A simple way of explaining where we find the Edge would be to say it sits between the cloud and end devices or services. The purpose is generally to distribute compute, storage and database functions closer to the device to cut costs, lower latency or provide local survivability of services.

One example could be a climate system and a surveillance camera (the “devices”) mounted in a bus. Let’s say they are connected to a public cloud service (the “cloud”) via a mobile network. An Edge node could in this case be a vehicle-mounted server responsible for collecting, analysing and acting on local data before it’s sent to the cloud.

Where and what the Edge is really depends on who you are and what you offer. If you’re a Mobile Operator, you might see your Edge as the edge of your mobile network which consists of radio base stations (the “devices”) and a mobile core network (the “cloud”). This is illustrated with the “UP termination” boxes in the figure below. The purpose of distributing the UP in this case is often to cut latency for specific applications. The “device” could also be any terminal provisioned with a SIM card or eSIM.

If you’re an enterprise, an energy company, a system integrator or a production company, your Edge is often a local data center or something even closer to your end devices (see examples in the figure below). The cloud is normally a private or public cloud reached via a WAN or SD-WAN connection.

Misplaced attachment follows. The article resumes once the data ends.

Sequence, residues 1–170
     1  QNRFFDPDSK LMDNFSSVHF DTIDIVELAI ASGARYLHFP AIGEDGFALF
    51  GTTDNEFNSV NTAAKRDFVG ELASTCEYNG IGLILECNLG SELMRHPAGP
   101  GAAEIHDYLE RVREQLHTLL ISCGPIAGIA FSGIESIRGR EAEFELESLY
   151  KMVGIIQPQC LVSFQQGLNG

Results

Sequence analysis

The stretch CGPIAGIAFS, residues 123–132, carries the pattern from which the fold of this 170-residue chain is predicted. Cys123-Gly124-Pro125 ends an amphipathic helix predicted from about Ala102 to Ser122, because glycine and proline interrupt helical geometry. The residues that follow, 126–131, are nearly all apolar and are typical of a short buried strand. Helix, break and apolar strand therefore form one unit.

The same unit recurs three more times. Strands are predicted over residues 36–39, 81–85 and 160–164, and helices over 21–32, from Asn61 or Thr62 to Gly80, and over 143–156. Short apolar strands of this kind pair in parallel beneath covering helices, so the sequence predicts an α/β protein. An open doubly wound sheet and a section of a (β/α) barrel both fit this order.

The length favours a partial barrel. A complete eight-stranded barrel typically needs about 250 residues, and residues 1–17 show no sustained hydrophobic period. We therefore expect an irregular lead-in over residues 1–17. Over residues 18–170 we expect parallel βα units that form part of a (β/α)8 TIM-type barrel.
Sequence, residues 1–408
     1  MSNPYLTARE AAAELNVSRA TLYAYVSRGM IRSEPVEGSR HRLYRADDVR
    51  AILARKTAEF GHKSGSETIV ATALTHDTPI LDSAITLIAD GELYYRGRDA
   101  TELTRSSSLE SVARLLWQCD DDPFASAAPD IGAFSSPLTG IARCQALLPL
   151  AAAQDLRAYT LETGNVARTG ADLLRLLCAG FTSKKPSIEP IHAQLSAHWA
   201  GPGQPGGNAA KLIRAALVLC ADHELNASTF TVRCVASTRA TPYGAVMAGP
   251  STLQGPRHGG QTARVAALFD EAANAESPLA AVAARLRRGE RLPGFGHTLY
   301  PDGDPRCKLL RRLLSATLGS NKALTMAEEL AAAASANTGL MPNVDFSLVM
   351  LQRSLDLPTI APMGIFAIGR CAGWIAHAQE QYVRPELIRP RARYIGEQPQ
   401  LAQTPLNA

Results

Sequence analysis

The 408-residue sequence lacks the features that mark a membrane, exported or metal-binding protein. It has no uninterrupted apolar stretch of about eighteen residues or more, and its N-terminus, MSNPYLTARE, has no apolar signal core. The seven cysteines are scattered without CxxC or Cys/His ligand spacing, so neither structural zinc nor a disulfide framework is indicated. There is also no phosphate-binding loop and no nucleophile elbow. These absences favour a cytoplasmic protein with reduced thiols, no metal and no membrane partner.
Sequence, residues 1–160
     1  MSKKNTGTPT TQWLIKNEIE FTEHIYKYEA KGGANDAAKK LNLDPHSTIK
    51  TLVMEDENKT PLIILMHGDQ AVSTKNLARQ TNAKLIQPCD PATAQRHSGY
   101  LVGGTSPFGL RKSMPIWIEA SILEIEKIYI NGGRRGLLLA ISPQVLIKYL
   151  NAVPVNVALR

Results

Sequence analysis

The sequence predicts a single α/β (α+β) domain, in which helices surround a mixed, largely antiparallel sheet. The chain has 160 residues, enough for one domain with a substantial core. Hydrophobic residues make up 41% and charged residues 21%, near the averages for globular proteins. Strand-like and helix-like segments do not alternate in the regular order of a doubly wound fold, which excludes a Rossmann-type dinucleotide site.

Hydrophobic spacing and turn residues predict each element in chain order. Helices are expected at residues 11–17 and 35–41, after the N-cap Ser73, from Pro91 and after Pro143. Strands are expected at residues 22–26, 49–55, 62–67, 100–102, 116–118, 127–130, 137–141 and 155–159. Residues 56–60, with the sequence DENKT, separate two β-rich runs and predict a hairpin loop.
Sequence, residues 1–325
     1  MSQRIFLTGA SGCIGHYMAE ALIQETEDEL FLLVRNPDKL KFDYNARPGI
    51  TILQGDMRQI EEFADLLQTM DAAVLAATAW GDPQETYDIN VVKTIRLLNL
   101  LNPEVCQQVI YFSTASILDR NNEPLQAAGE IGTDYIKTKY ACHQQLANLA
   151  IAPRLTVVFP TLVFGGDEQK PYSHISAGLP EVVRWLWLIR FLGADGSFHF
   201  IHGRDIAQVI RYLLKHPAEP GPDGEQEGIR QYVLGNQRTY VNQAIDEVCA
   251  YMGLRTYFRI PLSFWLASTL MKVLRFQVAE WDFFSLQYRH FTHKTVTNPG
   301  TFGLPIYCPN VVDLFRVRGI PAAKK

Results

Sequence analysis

For these types of organisations, “low latency” could be a reason to install a local 5G network, but these factors are more common drivers:

  • Local survivability. If someone cuts the WAN to the site or if there’s a power outage in the area, the locally deployed mobile network will still deliver.
  • Simpler segmentation. If the traffic leaves the site and comes back again via the company firewall, segmentation could become a hassle. Especially if the number of devices grows and you run out of IP addresses in a defined scope. If the local 5G network terminates the traffic on premise on an Edge node, things will look just like in a Wi-Fi network, and you can use private address ranges with a large scope.
  • High security and trust. Most enterprises want their traffic and certificate handling to stay inside the enterprise network.
  • Cost control.